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Add a fly-back diode.

When switching the current off, a coil will reduce the voltage until something starts to conduct so it can continue to let the current flow, as long as it has magnetic energy inside. Sadly, the conductive path is provided by your transistor -- after it was fried.

That negative pulse can reach thousands of volts. Seriously!

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The relay won't turn off anymore because the first time you tried to turn it off, the flyback voltage generated by the relay coil blew out the transistor so that it is now permanently shorted between collector and emitter.

The common way to deal with this is to put a diode accross the relay coil in reverse. It is oriented so that it does not conduct when the relay is being powered on. When the relay switches off, the diode provides a safe path for the flyback current from the coil, until that eventually dissipates due to the forward drop of the diode and the resistance of the coil.

The rest of your circuit also has problems. Having both a emitter and base resistor makes no sense. Since you have way more voltage available than necessary, I'd use the transistor in current sink configuration. Connect the base directly to the digital output, and put the appropriate resistor between the emitter and ground for the relay current. Now the relay will always see that current when on, regardless of the supply voltage. Higher than necessary supply voltage will cause more dissipation in the transitor, so a resitor in series with the relay does make sense.

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  • \$\begingroup\$ I would 2nd that. \$\endgroup\$ – dannyf Mar 8 '17 at 21:55
  • \$\begingroup\$ @Olin: Just curious, what effect does it have on the current sinking of the Transistor, if the resistor is placed between emitter & ground, vs when it's placed, between Relay and Collector (with the emitter connected directly to ground). Also, why this should be preferred if we have way-more voltage than is needed by our load. \$\endgroup\$ – Vishal Sep 8 '17 at 10:39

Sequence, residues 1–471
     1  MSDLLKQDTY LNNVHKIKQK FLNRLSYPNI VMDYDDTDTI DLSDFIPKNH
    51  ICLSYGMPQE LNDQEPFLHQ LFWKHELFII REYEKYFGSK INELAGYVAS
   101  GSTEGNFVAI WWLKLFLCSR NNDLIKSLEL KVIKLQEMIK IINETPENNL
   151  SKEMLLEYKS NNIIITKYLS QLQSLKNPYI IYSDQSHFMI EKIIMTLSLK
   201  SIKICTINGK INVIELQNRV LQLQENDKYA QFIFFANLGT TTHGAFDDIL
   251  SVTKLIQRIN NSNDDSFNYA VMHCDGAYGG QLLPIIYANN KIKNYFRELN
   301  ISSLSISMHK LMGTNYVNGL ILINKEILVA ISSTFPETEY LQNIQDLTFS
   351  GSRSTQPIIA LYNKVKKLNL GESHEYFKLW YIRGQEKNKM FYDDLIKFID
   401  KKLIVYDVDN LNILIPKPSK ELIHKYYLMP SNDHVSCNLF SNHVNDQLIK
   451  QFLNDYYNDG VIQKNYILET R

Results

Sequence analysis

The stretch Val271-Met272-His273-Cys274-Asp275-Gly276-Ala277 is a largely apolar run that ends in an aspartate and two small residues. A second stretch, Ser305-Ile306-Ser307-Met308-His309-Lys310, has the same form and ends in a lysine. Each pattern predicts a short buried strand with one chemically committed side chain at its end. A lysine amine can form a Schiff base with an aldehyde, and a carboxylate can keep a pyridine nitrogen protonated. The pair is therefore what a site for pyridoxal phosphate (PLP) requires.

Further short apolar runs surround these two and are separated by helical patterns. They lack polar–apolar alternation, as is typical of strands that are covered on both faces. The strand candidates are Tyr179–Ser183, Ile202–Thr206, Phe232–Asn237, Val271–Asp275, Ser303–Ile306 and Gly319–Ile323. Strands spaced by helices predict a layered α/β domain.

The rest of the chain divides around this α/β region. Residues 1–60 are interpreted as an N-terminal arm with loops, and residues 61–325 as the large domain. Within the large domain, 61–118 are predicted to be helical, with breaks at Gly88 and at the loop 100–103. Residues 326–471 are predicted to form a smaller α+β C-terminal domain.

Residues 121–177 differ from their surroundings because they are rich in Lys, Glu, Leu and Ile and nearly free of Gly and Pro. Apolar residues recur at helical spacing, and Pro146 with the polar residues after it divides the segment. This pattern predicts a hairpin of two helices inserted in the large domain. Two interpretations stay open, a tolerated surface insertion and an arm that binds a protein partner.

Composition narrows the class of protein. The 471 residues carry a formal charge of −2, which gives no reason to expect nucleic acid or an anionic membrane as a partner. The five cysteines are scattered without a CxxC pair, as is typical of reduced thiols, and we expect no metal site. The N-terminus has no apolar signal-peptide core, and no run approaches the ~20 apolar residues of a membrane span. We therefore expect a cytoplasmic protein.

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Additionally to the aforementioned suggestions, your design doesn't provide enough current for the coil. Your description shows Ic=65,71mA, according with the specifications of your relay the coil needs 87mA in DC mode for the SPDT at 6V. You needs 20mA more. If the relays are not driven with the current according the manufacturer specifications often they works erratically. I recommend you to use a Darlinton transistor configuration to drive your relays. It is the usual way to do this ( for example using the ULN2803A ICs to drive several relays).The Darlington can switch more current than with the collector-emitter design. enter image description here

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  • \$\begingroup\$ Your answer makes no sense. He said the relay is turning on, just that it can't be turned off afterwards. If there was too little current thru the coil, it wouldn't ever turn on in the first place, and that wouldn't explain at all why it can't be turned off. \$\endgroup\$ – Olin Lathrop Apr 21 '14 at 19:51
  • \$\begingroup\$ I agree with you Olin, probably he has not placed a diode across the coil connection. Any case if he place the diode, his design will not work properly according the relay specification, my comment still valid. ( I have modified the text). \$\endgroup\$ – Alf Apr 21 '14 at 20:13
  • \$\begingroup\$ Unfortunately, we didn't have time to work with the transistor design to get it to work. We were able to get the relay working with a MOSFET, we had sunk too much time into the transistor design. Thanks anyway for all of your answers, we at least know that it wasn't a simple mistake. \$\endgroup\$ – Andrew Wellmeyer Apr 22 '14 at 5:00